Tutorial Contents Tutorial Two: Propositional Calculus: Language - Truth Functors - The Propositional Language - "Implicate" - Stand-alone sentences - Scope More Tutorials One Three Four Five Six Seven

#### [jÙy] (conjunction)

[jÙy] has the following truth-table:

 j  y [jÙy] T  T T T  F F F  T F F  F F

One can read it as "j and y". Notice the brackets: these are part of the truth-functor, and should not be omitted.

Using it one could translate "John and David are Welsh" as "[John is Welsh Ù David is Welsh]". This is a pretty good translation, since both the original sentence and the translation will be true just if John is Welsh and David is Welsh.

One should not, however, translate "John and David are brothers" (taken in the most obvious way) as "[John is a brother Ù David is a brother]", since the latter will be true if John is Mary's brother and David is Robert's brother but David is not John's brother.

One could translate "John is a Welsh rugby player" as "[John is Welsh Ù John is a rugby player]". But one could not translate "John is a good rugby player" as "[John is good Ù John is a rugby player]", since either could be true without the other one being true.

What about "John is English but John is a rugby player"? Can one translate this as "[John is English Ù John is a rugby player]"? Certainly the translation leaves something out, because the original implies that there is some sort of contrast between being John's being English and his being a rugby player. But this difference does not mean that the two sentences differ in truth-value. And in fact, if John is English and John is a rugby player, one would concede that the original was true, even if one thought that there was in fact no contrast. For our purposes, what matters is that the truth-value of the translation should always agree with the truth-value of the original - and sometimes, as we noticed in the case of "John isn't Welsh" we shall be content with a bit less even than that.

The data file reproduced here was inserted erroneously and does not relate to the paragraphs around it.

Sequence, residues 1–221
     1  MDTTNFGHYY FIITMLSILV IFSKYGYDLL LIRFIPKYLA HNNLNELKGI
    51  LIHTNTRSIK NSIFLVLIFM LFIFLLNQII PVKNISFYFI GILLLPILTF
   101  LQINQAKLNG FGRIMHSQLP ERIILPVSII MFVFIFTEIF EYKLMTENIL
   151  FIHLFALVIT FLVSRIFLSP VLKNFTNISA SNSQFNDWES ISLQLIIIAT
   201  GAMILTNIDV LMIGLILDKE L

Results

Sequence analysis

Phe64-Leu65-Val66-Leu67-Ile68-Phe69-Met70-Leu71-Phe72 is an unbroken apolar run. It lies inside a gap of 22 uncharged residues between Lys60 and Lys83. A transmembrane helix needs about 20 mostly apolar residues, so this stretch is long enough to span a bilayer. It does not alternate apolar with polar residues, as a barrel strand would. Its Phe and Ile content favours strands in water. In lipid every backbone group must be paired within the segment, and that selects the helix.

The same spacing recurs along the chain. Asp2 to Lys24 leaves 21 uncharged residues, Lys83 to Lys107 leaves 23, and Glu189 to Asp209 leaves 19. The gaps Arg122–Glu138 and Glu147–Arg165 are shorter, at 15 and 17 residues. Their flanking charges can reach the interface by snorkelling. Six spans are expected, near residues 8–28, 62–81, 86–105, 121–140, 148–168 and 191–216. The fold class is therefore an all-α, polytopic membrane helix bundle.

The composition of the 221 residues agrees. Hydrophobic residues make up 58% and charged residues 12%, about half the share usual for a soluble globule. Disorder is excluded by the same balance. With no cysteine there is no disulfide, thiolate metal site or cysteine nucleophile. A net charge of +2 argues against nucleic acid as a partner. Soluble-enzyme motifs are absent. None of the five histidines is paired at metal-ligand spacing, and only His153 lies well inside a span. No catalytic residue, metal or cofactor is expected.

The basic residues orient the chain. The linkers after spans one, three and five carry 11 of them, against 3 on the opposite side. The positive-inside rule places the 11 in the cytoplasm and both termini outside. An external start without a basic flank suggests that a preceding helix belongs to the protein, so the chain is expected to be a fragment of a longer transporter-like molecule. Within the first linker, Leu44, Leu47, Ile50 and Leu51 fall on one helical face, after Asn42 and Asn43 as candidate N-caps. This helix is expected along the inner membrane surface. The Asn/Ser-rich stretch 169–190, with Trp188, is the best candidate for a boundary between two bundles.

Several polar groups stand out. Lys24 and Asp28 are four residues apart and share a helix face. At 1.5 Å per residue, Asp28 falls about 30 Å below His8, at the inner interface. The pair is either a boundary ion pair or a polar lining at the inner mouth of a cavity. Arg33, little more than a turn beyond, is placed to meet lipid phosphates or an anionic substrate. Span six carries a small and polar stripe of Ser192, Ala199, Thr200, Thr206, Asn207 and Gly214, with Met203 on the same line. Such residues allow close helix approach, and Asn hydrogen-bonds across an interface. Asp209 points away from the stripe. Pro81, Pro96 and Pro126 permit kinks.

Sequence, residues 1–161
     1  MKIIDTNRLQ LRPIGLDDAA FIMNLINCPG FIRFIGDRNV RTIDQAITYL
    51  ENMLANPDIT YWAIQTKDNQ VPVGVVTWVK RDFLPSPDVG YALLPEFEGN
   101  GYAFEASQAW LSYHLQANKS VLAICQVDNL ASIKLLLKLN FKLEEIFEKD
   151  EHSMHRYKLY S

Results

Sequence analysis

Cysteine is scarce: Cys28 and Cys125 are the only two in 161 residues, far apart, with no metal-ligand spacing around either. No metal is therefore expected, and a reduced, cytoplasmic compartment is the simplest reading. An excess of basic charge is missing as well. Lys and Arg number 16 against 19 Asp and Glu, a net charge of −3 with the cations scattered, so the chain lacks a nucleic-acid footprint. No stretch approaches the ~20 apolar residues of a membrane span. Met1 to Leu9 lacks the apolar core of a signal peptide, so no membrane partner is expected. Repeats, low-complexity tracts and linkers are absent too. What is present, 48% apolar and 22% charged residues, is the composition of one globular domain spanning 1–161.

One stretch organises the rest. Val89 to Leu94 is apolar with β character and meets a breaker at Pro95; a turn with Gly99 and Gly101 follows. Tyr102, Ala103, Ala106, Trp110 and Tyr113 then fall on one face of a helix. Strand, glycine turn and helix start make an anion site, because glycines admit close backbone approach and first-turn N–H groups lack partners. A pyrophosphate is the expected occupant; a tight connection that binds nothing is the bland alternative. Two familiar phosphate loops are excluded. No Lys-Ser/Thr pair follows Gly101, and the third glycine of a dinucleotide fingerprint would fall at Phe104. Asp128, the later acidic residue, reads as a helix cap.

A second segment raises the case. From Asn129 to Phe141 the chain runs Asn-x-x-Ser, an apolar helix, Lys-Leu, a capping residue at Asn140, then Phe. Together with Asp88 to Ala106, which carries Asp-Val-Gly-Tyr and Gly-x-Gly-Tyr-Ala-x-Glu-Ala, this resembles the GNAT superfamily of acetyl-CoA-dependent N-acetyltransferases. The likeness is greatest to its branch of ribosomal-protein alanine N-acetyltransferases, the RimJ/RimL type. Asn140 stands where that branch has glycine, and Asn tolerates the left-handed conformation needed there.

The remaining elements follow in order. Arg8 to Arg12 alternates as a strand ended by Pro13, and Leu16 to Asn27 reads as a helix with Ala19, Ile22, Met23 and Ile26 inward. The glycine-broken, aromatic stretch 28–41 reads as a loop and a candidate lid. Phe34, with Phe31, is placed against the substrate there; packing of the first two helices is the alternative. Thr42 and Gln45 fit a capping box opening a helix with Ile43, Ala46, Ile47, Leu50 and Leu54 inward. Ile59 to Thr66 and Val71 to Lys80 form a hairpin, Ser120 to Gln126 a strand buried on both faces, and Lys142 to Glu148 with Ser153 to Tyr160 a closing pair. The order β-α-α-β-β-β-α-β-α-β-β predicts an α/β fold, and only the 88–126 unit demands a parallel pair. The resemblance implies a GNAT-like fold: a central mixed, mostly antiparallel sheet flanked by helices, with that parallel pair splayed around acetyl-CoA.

Similarly we can translate "Although she was poor, she was honest" as "[She was poor Ù she was honest]", and will be prepared to reckon it true if she was both poor and honest, however much we might deprecate the implied contrast.

Before passing on to our remaining three truth-functors, let us look a little further at the sense of "imply" in the last two paragraphs.